Wednesday, March 11, 2009

It won't be easy, but nothing ever is.

I have a 4500 cubic inch back pack. When loaded up I can haul around 30 extra pounds with me. It’s not easy to ride with and really affects my strength to weight ratio.

It seems I have my work cut out for me. My brother always preached the message of striving for your goals and pressing onward regardless.

“We all need to press on! It won’t be easy, but nothing ever is.”

These were his words written a mere 11 months ago upon the death of his neighbor and great friend.

It’s pretty amazing how one’s priorities can shift within the blink of an eye in the instant that your whole world is turned upside down on itself. I was measuring each and every last calorie, staying attentive of my training like a meticulously obsessive clock maker, and keeping nothing but my cycling goals in my crosshairs.

I haven’t ridden in four days. It has literally been several years since I last went four days without riding. It’s easy to want to throw in the towel and simply focus on attending to my family’s needs and my brother’s three beautiful boys.

Balance was something I was never good at. All of my eggs seem to always land in one basket.

In recent years, I’ve found myself marveling at the things my brother was able to delicately and successfully juggle although it was a struggle.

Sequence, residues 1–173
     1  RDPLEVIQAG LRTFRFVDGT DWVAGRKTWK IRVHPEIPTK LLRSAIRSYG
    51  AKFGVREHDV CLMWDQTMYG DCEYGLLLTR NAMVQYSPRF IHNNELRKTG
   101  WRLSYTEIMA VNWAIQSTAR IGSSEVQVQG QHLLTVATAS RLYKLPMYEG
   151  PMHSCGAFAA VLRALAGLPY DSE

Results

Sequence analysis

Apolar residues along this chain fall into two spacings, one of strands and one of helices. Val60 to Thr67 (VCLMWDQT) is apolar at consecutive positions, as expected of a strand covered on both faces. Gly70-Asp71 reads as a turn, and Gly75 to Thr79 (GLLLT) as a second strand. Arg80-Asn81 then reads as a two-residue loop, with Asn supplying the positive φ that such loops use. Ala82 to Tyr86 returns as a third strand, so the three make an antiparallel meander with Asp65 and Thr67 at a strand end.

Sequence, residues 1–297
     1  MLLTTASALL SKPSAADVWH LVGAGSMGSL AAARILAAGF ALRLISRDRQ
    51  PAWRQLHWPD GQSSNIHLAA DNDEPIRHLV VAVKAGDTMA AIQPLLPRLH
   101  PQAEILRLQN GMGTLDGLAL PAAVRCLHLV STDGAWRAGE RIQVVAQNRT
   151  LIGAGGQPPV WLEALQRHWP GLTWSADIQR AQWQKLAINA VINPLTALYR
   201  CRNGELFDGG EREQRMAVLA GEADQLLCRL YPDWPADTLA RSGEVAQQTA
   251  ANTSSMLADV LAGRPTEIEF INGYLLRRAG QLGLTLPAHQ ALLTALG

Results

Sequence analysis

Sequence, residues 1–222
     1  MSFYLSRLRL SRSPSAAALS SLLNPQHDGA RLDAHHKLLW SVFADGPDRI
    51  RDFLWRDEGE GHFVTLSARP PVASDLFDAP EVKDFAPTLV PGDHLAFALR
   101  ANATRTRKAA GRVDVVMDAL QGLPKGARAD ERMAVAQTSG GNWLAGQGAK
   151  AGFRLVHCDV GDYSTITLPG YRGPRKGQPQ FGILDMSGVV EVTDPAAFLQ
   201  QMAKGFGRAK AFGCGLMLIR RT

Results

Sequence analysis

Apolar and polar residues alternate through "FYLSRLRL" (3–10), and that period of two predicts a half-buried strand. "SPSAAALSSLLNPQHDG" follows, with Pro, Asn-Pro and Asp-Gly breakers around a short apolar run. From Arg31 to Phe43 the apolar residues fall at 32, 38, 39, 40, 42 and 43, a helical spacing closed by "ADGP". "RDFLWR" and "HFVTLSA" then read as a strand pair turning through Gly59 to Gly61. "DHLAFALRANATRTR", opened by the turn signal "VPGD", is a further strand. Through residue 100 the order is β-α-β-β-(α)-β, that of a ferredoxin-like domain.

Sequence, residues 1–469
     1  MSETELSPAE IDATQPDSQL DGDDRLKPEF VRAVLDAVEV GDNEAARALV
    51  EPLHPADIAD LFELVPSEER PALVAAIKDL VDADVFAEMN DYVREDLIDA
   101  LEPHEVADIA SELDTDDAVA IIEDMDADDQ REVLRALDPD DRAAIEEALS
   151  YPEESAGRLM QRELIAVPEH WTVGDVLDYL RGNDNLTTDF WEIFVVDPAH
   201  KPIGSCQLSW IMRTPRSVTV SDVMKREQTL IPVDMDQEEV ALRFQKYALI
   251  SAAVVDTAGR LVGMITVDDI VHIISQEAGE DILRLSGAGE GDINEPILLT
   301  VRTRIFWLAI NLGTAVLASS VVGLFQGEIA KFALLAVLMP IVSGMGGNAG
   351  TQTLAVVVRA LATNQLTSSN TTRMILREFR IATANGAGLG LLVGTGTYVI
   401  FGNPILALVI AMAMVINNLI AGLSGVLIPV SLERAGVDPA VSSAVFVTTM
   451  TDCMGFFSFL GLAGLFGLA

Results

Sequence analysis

What would he want me to do right now? What advice would he give me if I could sit down and talk with him?

I’m pretty sure he would tell me that whatever moment I am in, be all there. Evan, his oldest son, told me his dad once told him to savor every second and relish the moment because you can never go back.

Ultimately, I think my brother would tell me, “get your ass back on that bike, and make it count, chase that dream and make it a reality!”

On Monday I stood before a packed congregation of 1200 people and delivered my brothers eulogy. In it, I described how I wish I had the ability to go back in time and warn my brother that his days with us were numbered. However, I went on to convey that even if I had this ability, Don would have not lived his life any differently. I truly believe this to be true. Whatever moment he was in, he was all there.

So back to the 4500 cubic inch back pack. Why did I start this all of with mentioning that? Well, I’ve conceded that it’s going to be one of my closest training partners in the days to come. I’m going to need to savor and not waste any moments of my life and continue to press on towards my goal. This means I’ll have to find possibility in places I’ve never found it before. If it means loading my back pack full of the necessary items to make it through my day just so I can find time to stop and be with my nephews in the midst of my training than so be it.

I can’t give my nephews a daddy. I can only reflect what their father has taught them, the person he was, and the life lessons he would of wanted them to learn. A pleasant thought is that through doing this, I can still feel my brother around me and keep him close to my heart.

At Don’s funeral, the funeral director commented that by the looks of it we are celebrating the loss of a legend. Legends can be carried on. We can all help to carry this legend on by the way we treat each other, the lives we live, and the people we are.

Don also wrote the following 11 months ago:

“I was never really good at this whole leaving thing! Every time we hung out, I always just got up and announced, “I’m out of here”, but usually after saying numerous times that I had to leave in “5 minutes…10 minutes tops!” So how ‘bout I just say this?
See you later, buddy! and thanks for everything! It was awesome!”